Guest blogging for literary agent Nathan Bransford a few weeks ago, I wrote about the seven things an aspiring author’s website must have. But in addition to having convenient features and good appearance, an aspiring author’s website must do certain things to fulfill its purpose, depending on what phase your career is in.
(Side note: I have a blog where I talk a lot about blogging, I reference some posts on my other blog here.)
The get ready phase: networking with other writers
When you’re in the “get ready” phase, you’re actively writing and seeking out other writers, but at present you’re not ready to submit to agents or editors. Since your career is just starting out, your website may just be starting out, too, though it won’t hurt if you already have a fairly well-developed site.
Before you’re ready for publication, your website can help you find critique partners, talk with other writers about writing, explore your genre with other writers, and make the connections that help smooth the path for your career—or at least make a solitary profession a lot less lonely. This is your time to start building a community of writers.
How can I do this? The easiest way to make your website into a networking tool is to make sure there are plenty of ways other writers can connect with you—and often the easiest way to do that is through engaging blog content and comments.
The get ready phase: find your niche
While you’re preparing for publication, it’s also a good time to get your web presence ready—especially to find the niche where you’ll fit in the blogging and publishing (and publogging?) worlds.
How do I do this? To find your blog/site niche, ask yourself why you’re blogging and what you’ll be blogging about. It needs to be more than just blogging about your book and your career—and at some point, it will probably need to transition to be more than just appealing to other writers, too.
This is almost like a market analysis—using a search engine, look for other sites of authors with similar books/niches. See what they’re blogging about (if anything). See what angle you can add to the discussion, especially if it relates to your books. If you can use your website to show how you and your books will fit on a bookshelf, your site is ready for the next phase.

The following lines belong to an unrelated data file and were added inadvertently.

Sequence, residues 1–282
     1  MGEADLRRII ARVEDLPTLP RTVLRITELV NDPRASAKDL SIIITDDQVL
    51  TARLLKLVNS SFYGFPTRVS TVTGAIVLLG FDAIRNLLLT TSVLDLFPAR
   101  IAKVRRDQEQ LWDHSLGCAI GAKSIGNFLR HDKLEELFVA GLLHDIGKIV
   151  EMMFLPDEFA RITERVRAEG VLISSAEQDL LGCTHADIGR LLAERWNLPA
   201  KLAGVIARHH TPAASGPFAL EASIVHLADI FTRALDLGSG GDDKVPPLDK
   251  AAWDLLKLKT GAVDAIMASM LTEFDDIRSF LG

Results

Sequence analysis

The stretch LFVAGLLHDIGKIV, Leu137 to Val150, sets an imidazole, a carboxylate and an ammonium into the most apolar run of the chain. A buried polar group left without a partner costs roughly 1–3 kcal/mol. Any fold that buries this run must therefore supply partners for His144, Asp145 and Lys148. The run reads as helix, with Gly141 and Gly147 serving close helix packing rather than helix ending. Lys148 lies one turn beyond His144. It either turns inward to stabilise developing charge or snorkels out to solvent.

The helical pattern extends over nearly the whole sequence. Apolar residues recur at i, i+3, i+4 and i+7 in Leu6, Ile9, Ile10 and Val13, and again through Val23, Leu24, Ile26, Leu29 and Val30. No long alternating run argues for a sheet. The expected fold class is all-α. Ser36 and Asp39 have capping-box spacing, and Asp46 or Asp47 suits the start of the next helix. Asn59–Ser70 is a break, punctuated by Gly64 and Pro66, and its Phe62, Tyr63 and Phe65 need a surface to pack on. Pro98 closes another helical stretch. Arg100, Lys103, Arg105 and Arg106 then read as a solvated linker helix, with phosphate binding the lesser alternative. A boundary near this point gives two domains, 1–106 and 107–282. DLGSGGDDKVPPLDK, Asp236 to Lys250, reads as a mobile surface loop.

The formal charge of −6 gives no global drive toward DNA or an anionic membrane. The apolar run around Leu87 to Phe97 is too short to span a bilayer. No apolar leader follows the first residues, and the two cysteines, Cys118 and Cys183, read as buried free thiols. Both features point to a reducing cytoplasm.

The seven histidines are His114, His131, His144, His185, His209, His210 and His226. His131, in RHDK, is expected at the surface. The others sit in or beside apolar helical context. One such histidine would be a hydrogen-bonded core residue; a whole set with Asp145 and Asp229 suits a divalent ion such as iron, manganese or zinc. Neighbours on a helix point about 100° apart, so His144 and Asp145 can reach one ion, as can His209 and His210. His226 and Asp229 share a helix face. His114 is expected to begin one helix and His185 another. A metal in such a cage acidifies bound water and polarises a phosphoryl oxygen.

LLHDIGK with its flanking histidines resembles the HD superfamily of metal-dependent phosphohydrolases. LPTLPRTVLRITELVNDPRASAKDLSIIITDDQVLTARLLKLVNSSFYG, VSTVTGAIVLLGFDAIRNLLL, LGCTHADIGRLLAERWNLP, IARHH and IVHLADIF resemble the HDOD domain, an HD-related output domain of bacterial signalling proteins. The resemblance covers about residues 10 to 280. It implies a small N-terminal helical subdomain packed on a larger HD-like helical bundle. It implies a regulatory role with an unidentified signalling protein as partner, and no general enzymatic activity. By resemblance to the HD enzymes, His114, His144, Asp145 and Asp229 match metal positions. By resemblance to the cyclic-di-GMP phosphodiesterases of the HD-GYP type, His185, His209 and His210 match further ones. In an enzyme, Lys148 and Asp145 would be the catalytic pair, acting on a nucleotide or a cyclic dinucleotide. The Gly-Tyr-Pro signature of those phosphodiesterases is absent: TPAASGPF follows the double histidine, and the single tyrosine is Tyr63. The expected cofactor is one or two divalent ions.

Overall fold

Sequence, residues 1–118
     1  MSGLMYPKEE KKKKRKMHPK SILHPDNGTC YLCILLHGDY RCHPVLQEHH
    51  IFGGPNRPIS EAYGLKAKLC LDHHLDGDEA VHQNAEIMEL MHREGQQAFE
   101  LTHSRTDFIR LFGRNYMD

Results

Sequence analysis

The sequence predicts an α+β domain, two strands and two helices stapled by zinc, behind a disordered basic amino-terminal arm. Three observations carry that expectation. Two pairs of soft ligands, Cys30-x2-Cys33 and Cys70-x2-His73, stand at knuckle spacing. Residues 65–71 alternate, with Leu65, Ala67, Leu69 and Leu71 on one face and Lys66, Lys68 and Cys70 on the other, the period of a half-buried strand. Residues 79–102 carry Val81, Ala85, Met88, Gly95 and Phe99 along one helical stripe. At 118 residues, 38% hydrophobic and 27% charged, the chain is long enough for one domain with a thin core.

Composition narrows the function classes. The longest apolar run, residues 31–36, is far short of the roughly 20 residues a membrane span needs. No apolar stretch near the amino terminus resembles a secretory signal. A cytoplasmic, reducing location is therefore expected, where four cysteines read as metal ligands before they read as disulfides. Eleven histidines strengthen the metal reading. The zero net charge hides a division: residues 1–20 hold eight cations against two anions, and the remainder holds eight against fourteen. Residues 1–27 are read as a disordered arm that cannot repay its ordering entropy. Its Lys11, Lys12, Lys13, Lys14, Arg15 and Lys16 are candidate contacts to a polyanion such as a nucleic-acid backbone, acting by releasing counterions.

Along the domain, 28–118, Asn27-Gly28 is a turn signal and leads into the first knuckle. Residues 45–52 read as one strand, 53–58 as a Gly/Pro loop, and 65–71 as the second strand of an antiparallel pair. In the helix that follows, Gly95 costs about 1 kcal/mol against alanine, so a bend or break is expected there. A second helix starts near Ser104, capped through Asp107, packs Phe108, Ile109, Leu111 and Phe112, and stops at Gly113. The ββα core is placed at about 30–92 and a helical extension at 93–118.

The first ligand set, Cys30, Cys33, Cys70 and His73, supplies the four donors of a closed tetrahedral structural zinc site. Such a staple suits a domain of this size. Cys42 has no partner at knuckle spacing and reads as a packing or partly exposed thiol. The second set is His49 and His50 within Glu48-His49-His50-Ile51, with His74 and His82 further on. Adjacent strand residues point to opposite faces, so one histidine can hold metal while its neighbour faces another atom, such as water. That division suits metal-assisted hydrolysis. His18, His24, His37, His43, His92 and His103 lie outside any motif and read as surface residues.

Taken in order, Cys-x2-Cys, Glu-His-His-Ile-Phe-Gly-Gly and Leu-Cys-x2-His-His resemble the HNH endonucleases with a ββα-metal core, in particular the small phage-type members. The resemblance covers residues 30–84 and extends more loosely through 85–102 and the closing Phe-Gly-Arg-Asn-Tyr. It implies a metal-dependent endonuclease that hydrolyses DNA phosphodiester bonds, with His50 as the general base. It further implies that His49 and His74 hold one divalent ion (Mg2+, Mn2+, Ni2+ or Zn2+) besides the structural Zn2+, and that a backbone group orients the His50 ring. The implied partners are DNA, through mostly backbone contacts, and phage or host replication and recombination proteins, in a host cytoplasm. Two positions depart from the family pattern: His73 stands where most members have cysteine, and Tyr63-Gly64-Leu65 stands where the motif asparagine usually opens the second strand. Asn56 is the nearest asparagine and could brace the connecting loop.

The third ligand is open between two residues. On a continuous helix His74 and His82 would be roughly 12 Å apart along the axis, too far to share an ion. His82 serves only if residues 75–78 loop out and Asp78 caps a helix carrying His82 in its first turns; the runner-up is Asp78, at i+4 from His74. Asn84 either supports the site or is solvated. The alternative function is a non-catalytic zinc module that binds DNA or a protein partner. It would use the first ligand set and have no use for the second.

The get set phase: show you’re professional and marketable
In the “get set” phase, you’re in the process of searching for an agent or editor. (You may also fall in the “get set” phase if you have an agent who’s currently shopping your manuscript.) In this phase, one of your big goals will be to show your target audience (agents and editors) that you’re serious about your writing and your career.
How can I do this? Professional appearance—which we’ll get to hear a lot about in our website critique series this month, with professional website designer Kathleen MacIver of KatieDid Design giving feedback on our volunteers’ sites.
Also important in professional appearance is the “demeanor” on your website. It’s fine to use casual, laid back text and images—but a website for your career might not be the best place to air out your dirty socks (or any of the rest of your dirty laundry!). Also, be sure to read over (and have others read over) your site for typos, misused words, broken links and images, or anything else that would detract from your appearance.
In this phase, you can still rely heavily on a blog, but it’s a good idea to at least set up a few pages (about, contact, works) with links in the sidebar or create a menu bar to help visitors learn more about you and your writing, and navigate your site.
The get set phase: show off your storytelling
Also in the “get set” phase, and more important in the long run, your website is a place to show off your storytelling abilities. In the end, that’s what’s going to get you an agent, get you sold to a publishing company, and get you sold on the bookshelves.
How can I do this? Showing off your storytelling doesn’t mean that every page and every blog post has to be written as if it were flash fiction. (Unless you want to . . . but that’d probably be weird.) It does mean making sure that you have at least an excerpt of your writing on your site—especially if you’re submitting to agents that don’t ask for or allow sample pages with their queries.
However, do not use your website as the only medium an agent can see your query or sample pages, especially not if they ask for any writing from you. An agent or editor will expect you to email them words (either in the body of the email or as an attachment)—not a link to their website. Never make an agent do more work for your writing when they’re interested. Odds are good that they won’t follow links.
(Side note: if you’re sitting there thinking, “But it’s just one click. Why can’t they do that?”, stop. It’s not just one click. It’s one click per person per item submitted. It’s dozens of clicks per day, minimum, if agents/editors are even interested enough to click on the link anyway. Also some email programs also strip out links.)
This week we’ll start with two website reviews—and our deep POV series will be available in a new format! Next week:
four five more things your website must do.
What do you think? What must an aspiring author’s website do? What does your website do—and what do you want it to do?